dunnettreader + provinces   10

Nigel Goose, review - Peter Borsay, Lindsay Proudfoot eds., Provincial Towns in Early Modern England and Ireland: Change, Convergence and Divergence | JSTOR - The Economic History Review Vol. 56, No. 3 (Aug., 2003), pp. 567-568
Mostly 18thC. The comparative angle forces the studies to focus on small towns in England, not covering where most of the rapid provincial urbanization was going on. That said, the overview chapters are excellent and the individual studies give a look at some areas not usually focused on. -- didn't download
books  reviews  jstor  economic_history  social_history  17thC  18thC  Britain  British_history  Ireland  urbanization  provinces  towns  rural  urban_development 
january 2015 by dunnettreader
Richard Andrew Berman - The Architects of Eighteenth Century English Freemasonry, 1720 - 1740 (2010 thesis) | University of Exeter
Advisors: Black, Jeremy & Goodrick-Clarke, Nicholas -- Date Issued: 2010-09-22 --
URI: http://hdl.handle.net/10036/2999 -- Following the appointment of its first aristocratic Grand Masters in the 1720s and in the wake of its connections to the scientific Enlightenment, ‘Free and Accepted’ Masonry rapidly became part of Britain’s national profile and the largest and arguably the most influential of Britain’s extensive clubs and societies. (..) Freemasonry became a vehicle for the expression and transmission of the political and religious views of those at its centre, and for the scientific Enlightenment concepts that they championed. The ‘Craft’ also offered a channel through which many sought to realise personal aspirations: social, intellectual and financial. Through an examination of relevant primary and secondary documentary evidence, this thesis seeks to contribute to a broader understanding of contemporary English political and social culture, and to explore the manner in which Freemasonry became a mechanism that promoted the interests of the Hanoverian establishment and connected and bound a number of élite metropolitan and provincial figures. A range of networks centred on the aristocracy, parliament, the magistracy and the learned and professional societies are studied, and key individuals instrumental in spreading and consolidating the Masonic message identified. The thesis also explores the role of Freemasonry in the development of the scientific Enlightenment. The evidence suggests that Freemasonry should be recognised not only as the most prominent of the many 18thC fraternal organisations, but also as a significant cultural vector and a compelling component of the social, economic, scientific and political transformation then in progress. -- downloaded pdf to Note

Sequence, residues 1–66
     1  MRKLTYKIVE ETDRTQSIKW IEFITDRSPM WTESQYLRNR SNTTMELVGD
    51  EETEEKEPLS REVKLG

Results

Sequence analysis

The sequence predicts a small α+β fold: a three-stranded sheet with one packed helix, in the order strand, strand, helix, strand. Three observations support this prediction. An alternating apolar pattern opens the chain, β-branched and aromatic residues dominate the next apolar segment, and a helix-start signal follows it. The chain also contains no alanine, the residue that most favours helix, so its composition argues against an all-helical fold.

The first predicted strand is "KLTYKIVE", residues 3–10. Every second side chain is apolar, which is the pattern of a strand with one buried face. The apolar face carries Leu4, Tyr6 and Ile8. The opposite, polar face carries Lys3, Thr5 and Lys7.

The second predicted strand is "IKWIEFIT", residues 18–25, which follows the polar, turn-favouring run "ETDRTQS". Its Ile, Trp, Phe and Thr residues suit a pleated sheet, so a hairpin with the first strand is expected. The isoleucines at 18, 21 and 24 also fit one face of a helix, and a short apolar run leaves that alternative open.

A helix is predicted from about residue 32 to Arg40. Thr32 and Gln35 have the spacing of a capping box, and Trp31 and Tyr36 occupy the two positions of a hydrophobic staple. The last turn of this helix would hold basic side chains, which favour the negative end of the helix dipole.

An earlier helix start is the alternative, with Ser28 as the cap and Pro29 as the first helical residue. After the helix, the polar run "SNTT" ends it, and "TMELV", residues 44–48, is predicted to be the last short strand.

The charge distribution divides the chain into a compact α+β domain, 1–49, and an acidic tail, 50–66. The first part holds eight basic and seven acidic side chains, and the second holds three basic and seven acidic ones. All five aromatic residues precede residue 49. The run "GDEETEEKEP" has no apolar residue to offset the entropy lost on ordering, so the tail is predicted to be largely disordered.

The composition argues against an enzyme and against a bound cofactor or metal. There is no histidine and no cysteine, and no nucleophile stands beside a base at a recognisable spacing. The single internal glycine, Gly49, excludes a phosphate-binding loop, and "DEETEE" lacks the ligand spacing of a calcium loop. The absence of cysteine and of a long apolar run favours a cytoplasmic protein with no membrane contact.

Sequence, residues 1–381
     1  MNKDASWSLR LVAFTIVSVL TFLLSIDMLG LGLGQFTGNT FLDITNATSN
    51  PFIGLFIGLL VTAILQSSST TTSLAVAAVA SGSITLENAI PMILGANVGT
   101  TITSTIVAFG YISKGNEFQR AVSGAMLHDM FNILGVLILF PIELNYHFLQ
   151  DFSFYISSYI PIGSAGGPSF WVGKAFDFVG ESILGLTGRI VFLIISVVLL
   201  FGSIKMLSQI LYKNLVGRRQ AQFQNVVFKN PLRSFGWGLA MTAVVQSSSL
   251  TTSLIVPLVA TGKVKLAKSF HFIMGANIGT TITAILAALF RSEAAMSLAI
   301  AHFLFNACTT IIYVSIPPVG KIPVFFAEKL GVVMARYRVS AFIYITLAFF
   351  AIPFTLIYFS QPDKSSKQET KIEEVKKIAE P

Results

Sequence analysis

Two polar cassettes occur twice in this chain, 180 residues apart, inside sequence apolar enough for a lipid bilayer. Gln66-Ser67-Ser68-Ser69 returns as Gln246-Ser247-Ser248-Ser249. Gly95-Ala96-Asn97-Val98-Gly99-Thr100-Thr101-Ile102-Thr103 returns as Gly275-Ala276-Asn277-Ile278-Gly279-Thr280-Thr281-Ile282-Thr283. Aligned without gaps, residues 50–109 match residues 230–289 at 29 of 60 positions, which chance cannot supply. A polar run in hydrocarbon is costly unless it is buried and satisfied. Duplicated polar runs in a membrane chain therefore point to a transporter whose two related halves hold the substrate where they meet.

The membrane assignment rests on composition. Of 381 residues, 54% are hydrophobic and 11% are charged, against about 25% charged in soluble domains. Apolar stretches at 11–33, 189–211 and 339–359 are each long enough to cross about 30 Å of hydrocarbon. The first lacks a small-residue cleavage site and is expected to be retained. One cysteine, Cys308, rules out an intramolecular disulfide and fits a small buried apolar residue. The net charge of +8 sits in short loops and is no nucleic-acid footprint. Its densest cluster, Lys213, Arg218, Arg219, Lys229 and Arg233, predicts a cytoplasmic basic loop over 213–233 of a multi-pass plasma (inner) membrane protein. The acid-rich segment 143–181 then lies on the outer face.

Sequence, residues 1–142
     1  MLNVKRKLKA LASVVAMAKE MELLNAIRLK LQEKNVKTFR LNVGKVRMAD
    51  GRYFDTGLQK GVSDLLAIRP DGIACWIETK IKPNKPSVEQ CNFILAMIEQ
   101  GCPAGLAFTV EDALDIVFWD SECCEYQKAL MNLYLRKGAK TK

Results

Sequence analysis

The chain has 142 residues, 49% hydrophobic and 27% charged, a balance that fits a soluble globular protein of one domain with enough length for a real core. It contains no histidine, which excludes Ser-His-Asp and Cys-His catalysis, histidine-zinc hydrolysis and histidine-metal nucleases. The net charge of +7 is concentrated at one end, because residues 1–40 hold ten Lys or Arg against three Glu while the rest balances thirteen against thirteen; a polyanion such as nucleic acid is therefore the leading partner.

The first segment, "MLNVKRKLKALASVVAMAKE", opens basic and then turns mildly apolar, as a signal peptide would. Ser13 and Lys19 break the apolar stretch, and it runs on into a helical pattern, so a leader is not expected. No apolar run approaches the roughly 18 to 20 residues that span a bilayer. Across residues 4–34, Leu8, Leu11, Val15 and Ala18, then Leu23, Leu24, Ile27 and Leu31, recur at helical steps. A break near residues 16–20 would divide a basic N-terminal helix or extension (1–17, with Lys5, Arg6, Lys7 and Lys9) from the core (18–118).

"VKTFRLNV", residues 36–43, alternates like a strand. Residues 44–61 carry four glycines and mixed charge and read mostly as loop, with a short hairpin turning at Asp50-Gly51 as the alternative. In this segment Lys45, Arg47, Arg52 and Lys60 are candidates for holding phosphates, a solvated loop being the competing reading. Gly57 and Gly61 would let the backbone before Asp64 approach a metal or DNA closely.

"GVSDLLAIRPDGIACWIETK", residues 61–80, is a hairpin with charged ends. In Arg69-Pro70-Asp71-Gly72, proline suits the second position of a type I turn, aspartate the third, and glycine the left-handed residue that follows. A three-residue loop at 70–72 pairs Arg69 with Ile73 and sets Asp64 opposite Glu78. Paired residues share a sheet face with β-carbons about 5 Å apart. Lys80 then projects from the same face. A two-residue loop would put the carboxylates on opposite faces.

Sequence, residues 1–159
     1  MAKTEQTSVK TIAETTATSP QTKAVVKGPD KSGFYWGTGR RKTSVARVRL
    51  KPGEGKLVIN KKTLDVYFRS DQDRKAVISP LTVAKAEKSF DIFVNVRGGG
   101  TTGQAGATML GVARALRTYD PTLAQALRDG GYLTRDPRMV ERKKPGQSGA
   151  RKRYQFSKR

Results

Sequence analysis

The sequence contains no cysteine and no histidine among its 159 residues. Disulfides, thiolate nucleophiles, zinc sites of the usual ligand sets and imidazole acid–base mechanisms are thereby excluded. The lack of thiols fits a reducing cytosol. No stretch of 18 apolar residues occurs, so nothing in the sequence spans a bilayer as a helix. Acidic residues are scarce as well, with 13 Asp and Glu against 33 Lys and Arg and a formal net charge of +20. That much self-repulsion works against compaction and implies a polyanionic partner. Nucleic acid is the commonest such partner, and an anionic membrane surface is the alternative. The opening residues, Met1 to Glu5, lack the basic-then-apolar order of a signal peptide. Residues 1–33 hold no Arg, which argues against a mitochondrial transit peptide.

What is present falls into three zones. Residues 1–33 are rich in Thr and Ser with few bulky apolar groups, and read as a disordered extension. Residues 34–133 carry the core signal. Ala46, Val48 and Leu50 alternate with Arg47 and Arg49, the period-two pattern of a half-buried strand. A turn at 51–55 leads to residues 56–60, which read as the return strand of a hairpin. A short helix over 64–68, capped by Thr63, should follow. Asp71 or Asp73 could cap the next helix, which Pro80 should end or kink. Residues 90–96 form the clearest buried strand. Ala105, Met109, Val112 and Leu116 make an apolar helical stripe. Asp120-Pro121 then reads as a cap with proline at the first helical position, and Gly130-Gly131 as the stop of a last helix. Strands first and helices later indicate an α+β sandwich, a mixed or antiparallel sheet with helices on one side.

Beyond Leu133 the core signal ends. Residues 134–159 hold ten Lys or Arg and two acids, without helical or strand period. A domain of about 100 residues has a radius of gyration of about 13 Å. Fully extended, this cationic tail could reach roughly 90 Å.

thesis  18thC  1720s  1730s  1740s  Walpole  Whigs-oligarchy  British_history  British_politics  Enlightenment  science-public  Scientific_Revolution  science-and-politics  Freemasonry  cultural_history  intellectual_history  networks-social  networks-political  networks-business  sociology_of_science_&_technology  elites  aristocracy  Parliament  MPs  political_nation  economic_sociology  economic_culture  commerce-doux  finance_capital  banking  capital_markets  capital_as_power  history_of_science  historical_sociology  historical_change  center-periphery  provinces  clubs  social_capital  judiciary  professions  professionalization  religious_culture  science-and-religion  latitudinarian  natural_religion  Newtonian  bibliography  downloaded  EF-add